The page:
The legal rule we applied in Cooke, VonDrasek, and Griffin, that a defendant's failure to identify a specific condition precedent within its pleading results in a waiver of the defense, emanates from the mandatory language found in rule 1.120(c), “[a] denial ․ shall be made specifically and with particularity” (emphasis added), as well as the underlying purpose of this special pleading rule: that is, to ensure that the parties in civil litigation are fully apprised, prior to trial, whether the compliance or occurrence of a condition precedent is an issue to be proven at trial and that the party that is presumably in a better position to identify a noncompliance or nonoccurrence does so within its pleading. Cf. VonDrasek, 777 So.2d at 991 n. 1 (quoting commentary to Fla. R. Civ. P. 1.110: “The contents of a pleading ․ should clearly and adequately inform the judge and the opposing party ․ of the position of the pleader.”).

While recognizing the pleading requisites of rule 1.120(c), Asbury argues that the rule does not apply here because the only condition precedent to the acceleration of her promissory note was the lender's compliance with Paragraph 22 of her mortgage. That paragraph includes the requirement that the lender furnish a default notice to the borrower prior to instituting a foreclosure action. According to Asbury, Bank of America could not have been surprised or caught unaware at trial that it would have to furnish evidence of mailing a default notice because that was the only condition precedent to its lawsuit, and she generally denied that the bank had satisfied that requirement.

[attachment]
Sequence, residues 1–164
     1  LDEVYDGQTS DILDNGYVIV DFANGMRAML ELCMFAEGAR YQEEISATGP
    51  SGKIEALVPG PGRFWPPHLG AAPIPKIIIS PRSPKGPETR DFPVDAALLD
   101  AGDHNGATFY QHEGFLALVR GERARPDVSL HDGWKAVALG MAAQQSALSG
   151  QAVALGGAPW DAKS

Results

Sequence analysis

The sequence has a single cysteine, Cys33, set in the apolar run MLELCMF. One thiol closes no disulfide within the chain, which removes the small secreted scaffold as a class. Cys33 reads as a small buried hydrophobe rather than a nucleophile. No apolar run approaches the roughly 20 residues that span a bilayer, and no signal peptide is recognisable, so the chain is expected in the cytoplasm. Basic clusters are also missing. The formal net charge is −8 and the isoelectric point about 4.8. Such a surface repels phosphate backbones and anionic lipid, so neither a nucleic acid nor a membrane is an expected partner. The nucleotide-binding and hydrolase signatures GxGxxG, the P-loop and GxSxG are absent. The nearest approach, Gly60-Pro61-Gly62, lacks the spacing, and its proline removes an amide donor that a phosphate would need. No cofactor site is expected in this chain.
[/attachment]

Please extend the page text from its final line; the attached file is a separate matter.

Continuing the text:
Regardless of whether or not the only condition precedent for the filing of the bank's lawsuit was the delivery of a default notice, Asbury's argument for affirmance must be rejected. There is no exception in rule 1.120(c) for claims that have a single condition precedent to their maintenance. Nor will we construe one as Asbury suggests. See Barco v. Sch. Bd. of Pinellas Cnty., 975 So.2d 1116, 1121–22 (Fla.2008) (“[I]t is well settled that the Florida Rules of Civil Procedure are construed in accordance with the principles of statutory construction. When the language of the statute is clear and unambiguous and conveys a clear and definite meaning, there is no occasion for resorting to the rules of statutory interpretation and construction; the statute must be given its plane and obvious meaning.”) (citations omitted). Asbury's construction would turn the special pleading requirements of rule 1.120(c) completely around. It was Asbury, not Bank of America, who was obliged to frame the specific issue within her pleadings of whether or not a default letter's mailing had occurred. She failed to do so. Nowhere within Asbury's answer or affirmative defenses was there any mention of a purported failure to deliver a default notice. She should not have been heard to challenge that condition precedent at the trial. See VonDrasek, 777 So.2d at 991; Cooke, 652 So.2d at 1155.

Accordingly, we reverse the final judgment and remand for a new trial consistent with this opinion.

I concur in the decision to reverse but make the following observations.